Tuesday, 23 April 2013

Happy St Georges Day

Shame that if Scotland goes independent it would have to use the Euro, or a new currency.
Alex Salmond as usual wants lots of cake, has eaten it already, and wants to eat it again and again.
Not so the Pound and the Bank of England [Alex - the clue is in the name]
If Scots want to go independent then they have to find another currency - the dreaded Euro being the currency that dare not speak its name.
European Leader Barroso has warned that Scotland would not be automatically eligible to stay in the EU either – let alone join the Euro – it raises an awkward question as to what these independent Scots would use to pay the bills.
The SNP want to stay in the sterling zone. ‘Our preference is to use sterling”, says John Swinney, the SNP finance spokesman, “and no one can stop us.” True; no one can stop the Russians using it either. No one stops us using the rouble. As George Osborne said today, no one stops Panama using the US Dollar. But it’s better, of course, to use a currency over which there is some degree of national control.
This morning, Osborne had this to say to BBC Radio 4:
"Britain has taken a decision not to join currency zones like the Euro. Britain has had a poor experience with things like the ERM where it has tried to lock  its currency to other currencies. So it’s not clear that it would be in the interests of the rest of the United Kingdom to enter into a Euro-style currency zone with the rest of Scotland…. It’s unlikely that we could make it work. There are some very big questions as to whether the rest of the United Kingdom would want to tie itself to what would have become a foreign government, why it would want to tie itself to an economy very dependent on the price of oil and a very large financial sector. These would be questions for England, Wales and Northern Ireland."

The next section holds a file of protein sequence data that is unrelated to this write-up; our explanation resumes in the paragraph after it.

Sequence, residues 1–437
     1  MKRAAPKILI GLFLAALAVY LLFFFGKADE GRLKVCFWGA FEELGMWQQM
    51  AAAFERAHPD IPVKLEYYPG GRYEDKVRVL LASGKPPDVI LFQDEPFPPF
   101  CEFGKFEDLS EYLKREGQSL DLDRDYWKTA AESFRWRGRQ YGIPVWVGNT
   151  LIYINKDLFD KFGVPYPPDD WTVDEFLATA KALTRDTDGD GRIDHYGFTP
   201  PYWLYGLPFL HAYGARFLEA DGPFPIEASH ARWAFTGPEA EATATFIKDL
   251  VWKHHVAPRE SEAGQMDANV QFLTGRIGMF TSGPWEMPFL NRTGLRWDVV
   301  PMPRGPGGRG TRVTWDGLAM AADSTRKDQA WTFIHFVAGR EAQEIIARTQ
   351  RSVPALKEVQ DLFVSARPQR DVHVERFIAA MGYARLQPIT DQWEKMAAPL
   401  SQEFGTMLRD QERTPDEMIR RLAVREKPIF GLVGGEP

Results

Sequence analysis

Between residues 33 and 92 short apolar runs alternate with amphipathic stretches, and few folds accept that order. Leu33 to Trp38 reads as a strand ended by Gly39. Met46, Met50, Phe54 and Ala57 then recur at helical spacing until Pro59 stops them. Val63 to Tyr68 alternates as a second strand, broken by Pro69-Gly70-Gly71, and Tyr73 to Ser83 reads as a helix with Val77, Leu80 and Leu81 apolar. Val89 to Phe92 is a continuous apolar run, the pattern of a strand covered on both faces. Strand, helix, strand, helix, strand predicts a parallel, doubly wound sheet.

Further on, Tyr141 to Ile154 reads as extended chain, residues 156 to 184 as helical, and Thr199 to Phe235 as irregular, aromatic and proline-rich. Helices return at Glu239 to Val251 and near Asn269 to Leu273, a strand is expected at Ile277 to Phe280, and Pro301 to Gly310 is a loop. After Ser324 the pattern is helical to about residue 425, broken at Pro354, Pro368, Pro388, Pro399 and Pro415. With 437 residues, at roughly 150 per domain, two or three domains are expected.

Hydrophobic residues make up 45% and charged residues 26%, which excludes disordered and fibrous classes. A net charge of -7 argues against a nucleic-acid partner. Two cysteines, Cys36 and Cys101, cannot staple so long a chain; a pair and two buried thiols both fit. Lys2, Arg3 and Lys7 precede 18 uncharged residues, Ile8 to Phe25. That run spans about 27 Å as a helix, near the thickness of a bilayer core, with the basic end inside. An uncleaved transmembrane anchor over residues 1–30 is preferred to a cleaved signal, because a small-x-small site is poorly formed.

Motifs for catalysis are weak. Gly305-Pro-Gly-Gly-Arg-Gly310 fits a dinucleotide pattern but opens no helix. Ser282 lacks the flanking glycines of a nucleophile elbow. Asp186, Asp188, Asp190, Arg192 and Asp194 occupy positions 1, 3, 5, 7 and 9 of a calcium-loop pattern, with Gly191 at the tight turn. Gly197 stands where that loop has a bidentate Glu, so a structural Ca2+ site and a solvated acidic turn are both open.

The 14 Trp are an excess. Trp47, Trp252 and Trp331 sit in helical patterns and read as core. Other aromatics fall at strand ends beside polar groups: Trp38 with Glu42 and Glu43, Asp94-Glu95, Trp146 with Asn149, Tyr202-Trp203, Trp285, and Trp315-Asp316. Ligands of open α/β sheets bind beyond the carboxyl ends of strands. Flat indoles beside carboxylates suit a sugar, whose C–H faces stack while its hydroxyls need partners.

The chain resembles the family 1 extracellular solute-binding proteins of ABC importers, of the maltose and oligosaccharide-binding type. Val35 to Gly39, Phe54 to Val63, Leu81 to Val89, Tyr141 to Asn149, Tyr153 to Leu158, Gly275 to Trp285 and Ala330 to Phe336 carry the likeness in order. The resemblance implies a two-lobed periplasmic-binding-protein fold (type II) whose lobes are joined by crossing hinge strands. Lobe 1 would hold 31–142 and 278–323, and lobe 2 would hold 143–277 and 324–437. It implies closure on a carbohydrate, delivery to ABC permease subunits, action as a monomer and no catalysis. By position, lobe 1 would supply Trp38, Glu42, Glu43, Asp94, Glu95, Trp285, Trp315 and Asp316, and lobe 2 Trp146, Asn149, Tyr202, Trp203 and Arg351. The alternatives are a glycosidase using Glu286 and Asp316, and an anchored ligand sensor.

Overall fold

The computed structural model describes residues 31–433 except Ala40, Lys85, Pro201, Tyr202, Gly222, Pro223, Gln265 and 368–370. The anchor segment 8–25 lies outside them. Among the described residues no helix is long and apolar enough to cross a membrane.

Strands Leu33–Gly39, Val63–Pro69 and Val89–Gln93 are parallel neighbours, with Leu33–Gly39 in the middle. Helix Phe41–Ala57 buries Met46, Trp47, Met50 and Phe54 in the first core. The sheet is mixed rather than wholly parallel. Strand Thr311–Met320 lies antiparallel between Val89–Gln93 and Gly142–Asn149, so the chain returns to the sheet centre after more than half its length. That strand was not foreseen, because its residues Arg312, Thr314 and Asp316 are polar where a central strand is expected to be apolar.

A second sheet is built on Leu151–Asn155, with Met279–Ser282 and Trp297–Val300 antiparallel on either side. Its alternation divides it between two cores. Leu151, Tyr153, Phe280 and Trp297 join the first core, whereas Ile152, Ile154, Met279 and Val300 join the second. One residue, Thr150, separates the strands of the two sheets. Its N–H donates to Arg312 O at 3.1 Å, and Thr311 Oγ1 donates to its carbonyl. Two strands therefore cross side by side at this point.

Shetland's claim to North Sea is no less logical than Scotland's
Shetland’s claim to North Sea assets is no less logical than Salmond’s.

Note how Osborne refers to the ‘rest of Scotland,’ leaving open the option of Orkney and Shetland seceding and becoming the Dubai of the north. If you do a Salmond, and draw an imaginary line into the sea, their claim (right) would be no less logical than that of Scotland as a whole.
Anyway, today’s Treasury paper will say there is a ”need to agree a negotiated set of constraints on its economic and fiscal policies”. Here’s its case:-
“In practice this would be likely to require rigorous oversight of Scotland’s economic and fiscal plans by both the new Scottish and the continuing UK authorities. Even with constraints in place, the economic rationale for the UK to agree to enter a formal sterling union with a separate state is not clear. The recent experience of the euro area has shown that it is extremely challenging to sustain a successful formal currency union without close fiscal integration and common arrangements for the resolution of banking sector difficulties.”
The Spectator writes this morning that:
"The idea of Scottish separation is, to me, such a nonsense because it creates a thousand problems and solves none. Scotland’s problems are dire economic growth, the worst poverty levels in Western Europe, appalling life expectancy etc. None of which will be resolved by having more Saltires flying over hospitals, or cutting back the military. Osborne is right to highlight the currency issue, as it’s one of many to which the nationalists really do have no convincing answer."